Updated: 8:10 AM ET November 24, 2010
Who Killed JFK?
By Roger Stone Every November 22nd brings a wave of new conspiracy theories regarding the assassination of President John F. Kennedy. Indeed, former Minnesota Governor Jesse Ventura airs a TV special this week claiming George H.W. Bush was involved in the conspiracy to kill JFK- ludicrous in view of the fact that Bush was not yet a Congressman or CIA Director and was just of the verge of losing his first US Senate race in 1964. Real power alluded Bush until Nixon sent him to the CIA and significant power illuded him until Reagan selected him for Vice President in 1980. We don't know who did murder Kennedy. We have pretty well established it was not Lee Harvey Oswald. We have also established that it certainly was not Lee Harvey Oswald acting alone. The Government-sponsored version in the Warren Commission requires there to be three shots fired. Given the time sequence, a fourth bullet requires a second shooter- and therefore a conspiracy. Thus Arlen Specter's contorted single-bullet theory in which a single bullet changes direction and strikes both JFK and Governor John Connally. JFK assassination theories have spawned a cottage industry but a handful of facts can be sifted out and make it pretty clear that when Oswald yelled "I'm a Patsy" he wasn't kidding.
- Eye-witnesses put Oswald in the Cafeteria of the Texas Schoolbook Depository at the precise time the first shot hit JFK.
- Five separate witnesses swore affidavits that they saw a rifle barrel and a puff of smoke above a fence near the famous grassy knoll. One of the five testifies he saw a man remove a rifle bag from a station-wagon bearing a Goldwater bumper sticker (!), remove the carbine and fire over the fence. All five witnesses die mysteriously within a year of their sworn testimony.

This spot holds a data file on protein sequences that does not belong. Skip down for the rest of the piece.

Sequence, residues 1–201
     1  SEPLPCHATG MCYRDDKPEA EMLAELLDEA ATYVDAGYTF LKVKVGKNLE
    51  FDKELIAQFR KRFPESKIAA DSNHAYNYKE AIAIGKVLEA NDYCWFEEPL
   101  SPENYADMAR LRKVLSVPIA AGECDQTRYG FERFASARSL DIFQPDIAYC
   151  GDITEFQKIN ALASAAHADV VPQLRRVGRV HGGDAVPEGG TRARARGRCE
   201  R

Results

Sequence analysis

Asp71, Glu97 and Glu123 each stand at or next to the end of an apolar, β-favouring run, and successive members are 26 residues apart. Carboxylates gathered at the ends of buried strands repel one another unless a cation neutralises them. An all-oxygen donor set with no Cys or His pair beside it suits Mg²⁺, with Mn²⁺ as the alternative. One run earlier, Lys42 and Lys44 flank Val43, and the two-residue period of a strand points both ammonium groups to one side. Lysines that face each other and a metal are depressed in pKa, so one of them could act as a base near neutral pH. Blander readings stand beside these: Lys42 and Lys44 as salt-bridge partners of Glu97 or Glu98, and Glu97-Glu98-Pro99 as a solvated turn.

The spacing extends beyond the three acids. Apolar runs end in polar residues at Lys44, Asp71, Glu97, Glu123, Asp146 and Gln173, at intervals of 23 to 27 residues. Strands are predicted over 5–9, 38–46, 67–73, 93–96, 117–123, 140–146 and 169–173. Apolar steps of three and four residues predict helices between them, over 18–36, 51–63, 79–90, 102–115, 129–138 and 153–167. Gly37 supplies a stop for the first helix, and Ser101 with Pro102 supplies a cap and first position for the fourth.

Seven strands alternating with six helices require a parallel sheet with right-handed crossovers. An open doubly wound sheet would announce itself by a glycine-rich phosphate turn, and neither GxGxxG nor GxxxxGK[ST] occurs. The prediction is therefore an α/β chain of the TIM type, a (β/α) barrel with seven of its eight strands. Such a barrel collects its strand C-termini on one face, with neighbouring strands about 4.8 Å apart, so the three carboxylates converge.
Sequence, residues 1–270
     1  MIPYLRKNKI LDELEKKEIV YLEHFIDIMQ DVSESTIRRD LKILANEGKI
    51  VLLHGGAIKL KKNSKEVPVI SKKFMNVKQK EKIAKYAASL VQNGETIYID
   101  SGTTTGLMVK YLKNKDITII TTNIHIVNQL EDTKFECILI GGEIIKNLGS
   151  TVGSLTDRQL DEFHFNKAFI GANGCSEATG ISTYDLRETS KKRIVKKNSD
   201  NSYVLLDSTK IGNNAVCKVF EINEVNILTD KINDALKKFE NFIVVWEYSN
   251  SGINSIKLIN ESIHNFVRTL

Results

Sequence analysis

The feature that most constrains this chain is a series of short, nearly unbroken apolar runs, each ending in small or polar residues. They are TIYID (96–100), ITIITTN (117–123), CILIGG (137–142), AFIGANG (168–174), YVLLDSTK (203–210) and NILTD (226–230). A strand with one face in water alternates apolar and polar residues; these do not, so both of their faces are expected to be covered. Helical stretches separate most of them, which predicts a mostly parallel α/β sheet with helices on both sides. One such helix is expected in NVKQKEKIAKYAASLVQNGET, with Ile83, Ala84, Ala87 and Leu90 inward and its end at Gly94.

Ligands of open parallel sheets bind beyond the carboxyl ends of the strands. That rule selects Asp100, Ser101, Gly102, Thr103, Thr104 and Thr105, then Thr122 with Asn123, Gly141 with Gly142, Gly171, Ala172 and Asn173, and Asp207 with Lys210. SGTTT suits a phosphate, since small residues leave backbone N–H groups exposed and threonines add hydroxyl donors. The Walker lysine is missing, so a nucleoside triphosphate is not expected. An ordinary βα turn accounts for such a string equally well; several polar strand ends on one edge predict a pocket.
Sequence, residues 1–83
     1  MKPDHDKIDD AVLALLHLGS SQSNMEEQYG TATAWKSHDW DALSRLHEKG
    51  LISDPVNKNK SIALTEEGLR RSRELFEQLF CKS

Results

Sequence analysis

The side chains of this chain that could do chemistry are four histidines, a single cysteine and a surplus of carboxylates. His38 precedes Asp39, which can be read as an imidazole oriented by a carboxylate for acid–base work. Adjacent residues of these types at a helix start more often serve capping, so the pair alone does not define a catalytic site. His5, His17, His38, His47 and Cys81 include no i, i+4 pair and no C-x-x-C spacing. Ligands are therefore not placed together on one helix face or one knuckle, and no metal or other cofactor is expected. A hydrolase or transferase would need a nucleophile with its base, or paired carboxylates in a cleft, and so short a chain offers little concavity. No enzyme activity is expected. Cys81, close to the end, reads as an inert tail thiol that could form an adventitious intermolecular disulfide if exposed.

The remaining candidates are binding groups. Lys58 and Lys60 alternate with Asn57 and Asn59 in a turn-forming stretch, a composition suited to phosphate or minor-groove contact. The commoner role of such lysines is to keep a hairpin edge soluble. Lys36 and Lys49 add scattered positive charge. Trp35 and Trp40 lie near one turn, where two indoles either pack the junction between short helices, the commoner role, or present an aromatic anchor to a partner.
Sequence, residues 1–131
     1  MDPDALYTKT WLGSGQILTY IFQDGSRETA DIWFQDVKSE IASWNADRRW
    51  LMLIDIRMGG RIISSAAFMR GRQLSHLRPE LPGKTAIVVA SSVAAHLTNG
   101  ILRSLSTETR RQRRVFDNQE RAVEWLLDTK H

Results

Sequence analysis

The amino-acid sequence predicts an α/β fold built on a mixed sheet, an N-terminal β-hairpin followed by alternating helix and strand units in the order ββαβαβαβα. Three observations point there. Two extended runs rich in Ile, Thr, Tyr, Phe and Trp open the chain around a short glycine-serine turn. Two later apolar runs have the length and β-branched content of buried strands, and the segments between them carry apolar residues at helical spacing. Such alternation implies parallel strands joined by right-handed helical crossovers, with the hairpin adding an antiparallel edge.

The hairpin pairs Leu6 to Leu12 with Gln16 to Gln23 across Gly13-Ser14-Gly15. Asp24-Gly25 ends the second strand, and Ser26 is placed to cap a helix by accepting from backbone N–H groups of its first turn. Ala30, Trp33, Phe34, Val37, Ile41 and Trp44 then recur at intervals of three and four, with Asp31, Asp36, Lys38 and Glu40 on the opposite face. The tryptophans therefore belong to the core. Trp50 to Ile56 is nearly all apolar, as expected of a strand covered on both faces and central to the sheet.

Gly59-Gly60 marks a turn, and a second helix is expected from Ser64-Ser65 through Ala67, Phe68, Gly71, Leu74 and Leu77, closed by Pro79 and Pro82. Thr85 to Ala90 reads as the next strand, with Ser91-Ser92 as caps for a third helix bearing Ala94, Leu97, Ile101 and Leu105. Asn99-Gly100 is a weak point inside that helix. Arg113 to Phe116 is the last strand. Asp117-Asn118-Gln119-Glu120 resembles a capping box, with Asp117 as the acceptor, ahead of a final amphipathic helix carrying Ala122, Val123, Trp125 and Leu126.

- A telex sent to J. Edgar Hoover from the FBI's Dallas office identifying Oswald as the shooter is time stamped two minutes prior to the actual shooting and prior to the identification of Oswald.
- Someone identifying himself as Lee Oswald approached several air-charter services at Red Bird Field, a private airport to inquire about renting a private plane for a future flight to the caribbean in the days prior to the Kennedy murder. Shown Oswald's photo by FBI agents, all say that the man in the photo is not the man who approached them.
- The carbine recovered from the Book Depository and held aloft by a Dallas police officer in an iconic wire photo is not of the make or type the Warren Commission said was used to kill Kennedy.
- Numerous witnesses who gave statements to the Warren Commission were shocked to find their statements altered in the Commission's final report, in many cases stating the direct opposite of what was said. Complaints bring visits from FBI agents with dire warnings that objectors should stay silent "for their own good".
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